Professor Paul Mc Kevitt

Emeritus Professor of Digital MultiMedia, Ulster University

Waiting for Human-Computer Empathy (HCE) …

Here we argue that Human-Computer Interaction (HCI) can be facilitated through Human-Computer Empathy (HCE), where people and computers place themselves in each other’s shoes. For too long people have discriminated against computers and robots by saying that they are only as good as what we put into them. However, in recent times computers have outperformed people, beating world champions at the asian game of Go (2017), Jeopardy (2011) and chess (1997), mastering precision in medical surgical operations (STAR) and diagnosis (Watson), and in specific speech and image recognition tasks. Computers have also composed music (AIVA), generated art (Aaron), stories (Quill) and poetry (Google AI). In terms of modelling Human-Computer Empathy (HCE), we will discuss theories, computational models, algorithms and systems for detecting, representing and responding to people’s emotions and sentiment. Example systems will be covered, modelling memories and companionship of older people with limited abilities (MemoryLane), media accessibility for the hearing and visually impaired (BLISS), mood swings during soccer reporting (NewsViz), learner emotions during online learning of Physics (PlayPhysics), and people’s sentiment and emotional reaction towards online videos (360-MAM-Affect). We will finish with a prognosis for the future and how we can interact better with digital souls by doing unto them as we would have them do unto us.

Biography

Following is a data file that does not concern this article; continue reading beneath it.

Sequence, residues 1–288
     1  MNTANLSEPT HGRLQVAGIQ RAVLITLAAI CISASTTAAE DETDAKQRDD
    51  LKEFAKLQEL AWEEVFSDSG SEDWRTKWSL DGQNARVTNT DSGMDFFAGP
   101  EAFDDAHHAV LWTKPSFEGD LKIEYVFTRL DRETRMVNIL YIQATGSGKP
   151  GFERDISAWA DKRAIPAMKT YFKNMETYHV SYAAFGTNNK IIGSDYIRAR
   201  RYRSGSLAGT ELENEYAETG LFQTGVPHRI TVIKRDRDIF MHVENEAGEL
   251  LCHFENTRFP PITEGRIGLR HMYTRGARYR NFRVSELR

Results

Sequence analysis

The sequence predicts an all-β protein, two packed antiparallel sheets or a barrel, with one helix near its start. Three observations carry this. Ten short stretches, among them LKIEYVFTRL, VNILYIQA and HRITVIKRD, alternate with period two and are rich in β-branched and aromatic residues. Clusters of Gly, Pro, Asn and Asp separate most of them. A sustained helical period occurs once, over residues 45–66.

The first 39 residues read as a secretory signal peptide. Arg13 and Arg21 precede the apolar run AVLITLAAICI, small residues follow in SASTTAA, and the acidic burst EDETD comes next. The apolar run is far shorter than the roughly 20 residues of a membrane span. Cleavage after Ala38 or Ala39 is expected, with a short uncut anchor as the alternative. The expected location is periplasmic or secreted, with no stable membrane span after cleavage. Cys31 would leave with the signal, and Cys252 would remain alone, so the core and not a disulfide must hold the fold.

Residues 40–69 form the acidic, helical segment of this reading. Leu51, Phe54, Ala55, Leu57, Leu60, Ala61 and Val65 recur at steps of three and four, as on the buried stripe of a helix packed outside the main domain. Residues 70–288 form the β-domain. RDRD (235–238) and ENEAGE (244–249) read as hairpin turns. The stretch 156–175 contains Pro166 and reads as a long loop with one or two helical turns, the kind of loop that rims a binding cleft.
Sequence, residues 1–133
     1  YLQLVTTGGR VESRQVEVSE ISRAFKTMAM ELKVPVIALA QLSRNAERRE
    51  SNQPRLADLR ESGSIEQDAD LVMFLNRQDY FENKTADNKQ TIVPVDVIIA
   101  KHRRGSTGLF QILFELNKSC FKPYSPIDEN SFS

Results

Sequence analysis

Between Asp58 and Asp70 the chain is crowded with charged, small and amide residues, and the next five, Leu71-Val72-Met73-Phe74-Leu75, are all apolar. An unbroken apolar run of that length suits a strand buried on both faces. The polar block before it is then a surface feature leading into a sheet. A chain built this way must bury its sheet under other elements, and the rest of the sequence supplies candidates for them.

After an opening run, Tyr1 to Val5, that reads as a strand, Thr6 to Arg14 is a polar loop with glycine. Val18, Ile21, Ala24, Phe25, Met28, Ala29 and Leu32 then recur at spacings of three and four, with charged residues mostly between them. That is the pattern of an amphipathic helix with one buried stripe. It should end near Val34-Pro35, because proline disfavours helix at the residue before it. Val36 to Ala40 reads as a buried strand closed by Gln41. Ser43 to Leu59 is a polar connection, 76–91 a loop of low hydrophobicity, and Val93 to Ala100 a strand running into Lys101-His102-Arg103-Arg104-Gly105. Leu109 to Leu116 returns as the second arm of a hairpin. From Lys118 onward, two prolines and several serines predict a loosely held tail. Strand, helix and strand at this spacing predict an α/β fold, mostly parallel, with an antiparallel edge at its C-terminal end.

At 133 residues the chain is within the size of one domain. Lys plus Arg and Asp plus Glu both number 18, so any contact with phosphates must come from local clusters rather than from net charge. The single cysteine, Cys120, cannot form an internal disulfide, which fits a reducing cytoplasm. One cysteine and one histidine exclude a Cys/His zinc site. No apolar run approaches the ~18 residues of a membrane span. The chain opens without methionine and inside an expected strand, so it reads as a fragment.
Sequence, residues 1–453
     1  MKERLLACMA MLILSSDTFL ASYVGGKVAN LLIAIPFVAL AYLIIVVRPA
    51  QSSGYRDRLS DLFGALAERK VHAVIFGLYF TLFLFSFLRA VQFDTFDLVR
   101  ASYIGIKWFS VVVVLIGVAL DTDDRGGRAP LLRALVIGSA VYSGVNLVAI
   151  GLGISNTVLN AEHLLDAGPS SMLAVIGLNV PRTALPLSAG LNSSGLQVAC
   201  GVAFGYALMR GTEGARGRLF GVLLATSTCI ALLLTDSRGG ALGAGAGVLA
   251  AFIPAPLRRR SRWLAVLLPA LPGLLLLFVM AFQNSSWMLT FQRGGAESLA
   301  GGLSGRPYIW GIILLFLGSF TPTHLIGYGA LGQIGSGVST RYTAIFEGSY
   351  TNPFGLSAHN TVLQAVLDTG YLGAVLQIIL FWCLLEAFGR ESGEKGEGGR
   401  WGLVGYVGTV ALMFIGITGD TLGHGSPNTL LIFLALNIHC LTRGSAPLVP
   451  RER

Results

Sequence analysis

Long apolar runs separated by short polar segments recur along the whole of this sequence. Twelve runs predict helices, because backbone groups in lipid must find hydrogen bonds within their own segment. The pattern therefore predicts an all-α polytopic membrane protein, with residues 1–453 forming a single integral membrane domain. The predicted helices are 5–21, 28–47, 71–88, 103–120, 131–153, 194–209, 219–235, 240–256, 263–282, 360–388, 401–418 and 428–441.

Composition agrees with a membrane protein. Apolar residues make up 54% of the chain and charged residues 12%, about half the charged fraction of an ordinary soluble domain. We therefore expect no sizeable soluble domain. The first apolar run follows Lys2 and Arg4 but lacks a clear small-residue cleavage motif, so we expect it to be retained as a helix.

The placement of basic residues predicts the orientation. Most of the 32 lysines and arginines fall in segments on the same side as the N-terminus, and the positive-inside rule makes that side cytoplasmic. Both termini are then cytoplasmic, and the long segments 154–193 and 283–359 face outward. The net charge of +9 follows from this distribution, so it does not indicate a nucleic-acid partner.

Paul Mc Kevitt is Professor Emeritus of Digital MultiMedia & Director of BLISS (Broadcast Language Identification & Subtitling System) at Ulster University, Magee Campus, Derry/Londonderry, Northern Ireland. He has studied and worked in the field of Computer Science at University College Dublin (Ireland), New Mexico State University (USA), Exeter and Sheffield Universities (England), Aalborg University (Denmark) and Ulster University. He was a UK EPSRC (Engineering and Physical Sciences Research Council) Advanced Fellow in the Department of Computer Science, University of Sheffield, England. The Fellowship, commenced in 1994, and released him from his Assistant Professorship (tenured Lectureship) for 5 years to conduct full-time research on the integration of natural language, speech and vision processing. He has also been Visiting Professor at LIMSI-CNRS, Orsay, Univ. Paris Sud, France and Visiting Fellow at the School of Electronic Engineering, Dublin City University, Dublin, Ireland. His research interests are in Natural Language Processing (NLP) including the processing of sentiment, emotions, beliefs and intentions in dialogue. He is also interested in Philosophy, Digital Creativity, Digital Empathy and the general areas of Artificial Intelligence (AI) and Human-Computer Interaction (HCI). He directed the 23rd International Loebner Prize Contest in Artificial Intelligence (AI) (2013), held for the first time on the island of Ireland, and The International Workshop on Digital Empathy on Halloween Day (2016), at Magee Campus.